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2009 Yamaha RS Venture GT Review


by Marc Cantin ,

Yamaha introduces an all-new premium touring snowmobile for 2009, the RS Venture GT. It's a high-luxury, high-performance evolution from the standard RS Venture, which is still included in the Japanese manufacturer's portfolio. I tested the GT model, though Yamaha also offers the new RS Venture TF, which is similar but features a longer track for improved "flotation" in deep snow.

The RS Venture GT remains agile and easy to handle in tight trails.

With 120 horsepower, all the equipment necessary to ensure rider and passenger comfort, as well as a long-travel suspension offering both front and rear adjustments, the 2009 RS Venture GT represents an attractive solution for performance-minded riders who also demand no less than the ultimate in comfort for themselves and a passenger.

The new Venture GT is as user-friendly as its predecessor while delivering almost Nytro-caliber performance ; as the Nytro engine has been detuned and lost 10 horsepower in the process, but there are still 120 ponies to work and have fun with. Yamaha engineers managed increase torque across the entire usable rev band, from 5,000 to 10,000 rpm, and while there are no official figures on the torque increase, I estimate it to be very close to 10% - a significant jump in my book.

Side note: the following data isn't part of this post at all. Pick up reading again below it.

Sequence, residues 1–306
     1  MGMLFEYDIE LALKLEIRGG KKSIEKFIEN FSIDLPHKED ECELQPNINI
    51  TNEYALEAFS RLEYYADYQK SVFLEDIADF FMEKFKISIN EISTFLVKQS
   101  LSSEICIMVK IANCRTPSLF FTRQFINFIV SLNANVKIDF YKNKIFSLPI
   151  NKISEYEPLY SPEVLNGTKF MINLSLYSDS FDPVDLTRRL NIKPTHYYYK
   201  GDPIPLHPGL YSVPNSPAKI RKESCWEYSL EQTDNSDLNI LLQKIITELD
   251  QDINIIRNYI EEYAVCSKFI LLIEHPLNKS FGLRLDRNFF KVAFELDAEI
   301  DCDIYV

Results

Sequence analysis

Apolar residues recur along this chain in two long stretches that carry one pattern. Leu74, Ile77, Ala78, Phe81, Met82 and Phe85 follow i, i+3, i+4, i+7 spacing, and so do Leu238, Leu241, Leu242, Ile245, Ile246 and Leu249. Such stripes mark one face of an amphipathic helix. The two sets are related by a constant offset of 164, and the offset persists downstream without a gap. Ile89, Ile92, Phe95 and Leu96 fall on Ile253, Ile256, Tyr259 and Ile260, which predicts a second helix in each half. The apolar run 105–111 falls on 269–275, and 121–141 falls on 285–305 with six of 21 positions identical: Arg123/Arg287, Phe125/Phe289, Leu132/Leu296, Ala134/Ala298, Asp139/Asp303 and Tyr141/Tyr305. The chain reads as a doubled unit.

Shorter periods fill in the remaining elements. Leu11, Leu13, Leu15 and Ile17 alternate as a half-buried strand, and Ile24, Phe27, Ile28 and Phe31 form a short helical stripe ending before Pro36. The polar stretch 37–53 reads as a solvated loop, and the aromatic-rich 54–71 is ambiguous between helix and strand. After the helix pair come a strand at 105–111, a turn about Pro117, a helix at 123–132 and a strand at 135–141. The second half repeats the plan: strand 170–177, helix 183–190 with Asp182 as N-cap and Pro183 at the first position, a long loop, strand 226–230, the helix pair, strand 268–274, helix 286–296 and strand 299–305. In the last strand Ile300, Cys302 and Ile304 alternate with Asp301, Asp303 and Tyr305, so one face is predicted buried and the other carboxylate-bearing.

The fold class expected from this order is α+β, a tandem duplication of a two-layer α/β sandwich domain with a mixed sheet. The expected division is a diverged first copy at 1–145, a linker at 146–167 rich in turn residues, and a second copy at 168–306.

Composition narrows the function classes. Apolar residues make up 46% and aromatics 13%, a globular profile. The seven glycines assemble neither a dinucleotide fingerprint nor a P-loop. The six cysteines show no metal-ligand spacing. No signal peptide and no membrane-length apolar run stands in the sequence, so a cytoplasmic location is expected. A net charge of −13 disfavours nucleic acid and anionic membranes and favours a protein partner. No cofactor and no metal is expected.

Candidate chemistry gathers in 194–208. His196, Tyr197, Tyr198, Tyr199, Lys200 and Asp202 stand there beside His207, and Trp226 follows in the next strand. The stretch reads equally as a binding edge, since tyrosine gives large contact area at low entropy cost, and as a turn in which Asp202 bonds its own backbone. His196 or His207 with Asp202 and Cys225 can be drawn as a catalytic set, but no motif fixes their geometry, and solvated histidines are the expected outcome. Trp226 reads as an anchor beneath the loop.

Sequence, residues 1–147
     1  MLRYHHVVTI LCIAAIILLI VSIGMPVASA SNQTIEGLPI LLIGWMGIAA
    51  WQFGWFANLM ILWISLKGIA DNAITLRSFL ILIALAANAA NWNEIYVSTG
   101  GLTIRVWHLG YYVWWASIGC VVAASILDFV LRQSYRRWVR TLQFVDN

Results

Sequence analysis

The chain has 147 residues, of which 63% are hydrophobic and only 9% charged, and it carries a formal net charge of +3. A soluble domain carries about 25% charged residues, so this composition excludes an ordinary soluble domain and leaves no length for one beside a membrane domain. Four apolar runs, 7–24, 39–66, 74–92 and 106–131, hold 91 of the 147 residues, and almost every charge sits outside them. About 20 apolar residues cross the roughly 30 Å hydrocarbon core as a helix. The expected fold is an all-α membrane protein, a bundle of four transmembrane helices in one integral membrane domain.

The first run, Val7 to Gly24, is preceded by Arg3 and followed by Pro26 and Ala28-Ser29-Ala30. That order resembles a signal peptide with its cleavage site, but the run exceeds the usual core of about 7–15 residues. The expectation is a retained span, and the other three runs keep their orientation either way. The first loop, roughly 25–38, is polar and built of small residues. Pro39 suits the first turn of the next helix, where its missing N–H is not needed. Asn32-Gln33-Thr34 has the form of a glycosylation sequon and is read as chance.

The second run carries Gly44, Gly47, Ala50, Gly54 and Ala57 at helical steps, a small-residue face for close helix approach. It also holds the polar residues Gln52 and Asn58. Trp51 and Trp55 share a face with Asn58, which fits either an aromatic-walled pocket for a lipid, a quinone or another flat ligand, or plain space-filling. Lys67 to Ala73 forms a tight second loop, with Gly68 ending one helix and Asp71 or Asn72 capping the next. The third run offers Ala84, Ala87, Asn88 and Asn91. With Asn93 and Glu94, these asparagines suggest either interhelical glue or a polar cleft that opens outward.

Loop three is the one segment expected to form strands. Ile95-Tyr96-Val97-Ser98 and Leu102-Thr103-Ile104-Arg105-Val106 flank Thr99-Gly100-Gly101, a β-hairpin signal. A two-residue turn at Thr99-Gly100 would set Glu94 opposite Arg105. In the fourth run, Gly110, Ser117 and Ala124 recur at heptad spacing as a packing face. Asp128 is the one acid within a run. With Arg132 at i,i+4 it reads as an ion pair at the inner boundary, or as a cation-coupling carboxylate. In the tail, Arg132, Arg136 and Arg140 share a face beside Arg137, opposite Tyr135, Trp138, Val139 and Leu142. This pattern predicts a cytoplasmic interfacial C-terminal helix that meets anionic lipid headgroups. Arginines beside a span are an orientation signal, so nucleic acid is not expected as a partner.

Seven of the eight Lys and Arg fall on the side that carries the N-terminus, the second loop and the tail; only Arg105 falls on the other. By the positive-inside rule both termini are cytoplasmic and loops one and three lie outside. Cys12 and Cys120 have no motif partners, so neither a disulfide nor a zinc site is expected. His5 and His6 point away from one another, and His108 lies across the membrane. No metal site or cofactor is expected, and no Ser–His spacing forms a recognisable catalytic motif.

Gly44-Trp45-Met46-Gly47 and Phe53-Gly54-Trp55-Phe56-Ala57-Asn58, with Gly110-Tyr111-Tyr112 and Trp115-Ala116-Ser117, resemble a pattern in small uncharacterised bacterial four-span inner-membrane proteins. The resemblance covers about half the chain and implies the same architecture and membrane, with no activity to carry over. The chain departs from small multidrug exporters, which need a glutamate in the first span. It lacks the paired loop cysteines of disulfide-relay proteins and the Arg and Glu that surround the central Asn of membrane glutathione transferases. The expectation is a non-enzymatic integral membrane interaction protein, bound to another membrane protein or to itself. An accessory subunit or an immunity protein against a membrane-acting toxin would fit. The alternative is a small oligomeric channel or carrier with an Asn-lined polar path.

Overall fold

You can experience the true character of Yamaha engines as soon as you take off, not to mention their smooth operation and eagerness to gain revs when you push on the throttle lever. Thanks to a well-calibrated fuel injection system, the engine responds instantly to the rider's command - a delight to drive! Meanwhile, the continuously variable transmission (CVT) keeps engine revs in the relatively low sweet spot, while taking advantage of the added torque at cruising speeds. Keep in mind that lower revs also mean lower fuel consumption and emissions.

As mentioned earlier, the suspension offers generous travel -- an important attribute for effective shock absorption that does not compromises the ride or handling. Spring preload, as well as compression and rebound damping adjustments are available up front, to not only adapt to the weight of the rider (and passenger) but also position the skis at the perfect height. This key element increases or reduces ski grip during transitions while improving lateral stability since the skis track larger than the rear end and limit the risk of rolling over on uneven terrain.

Long front suspension arms, and adjustable spring preload and damping.
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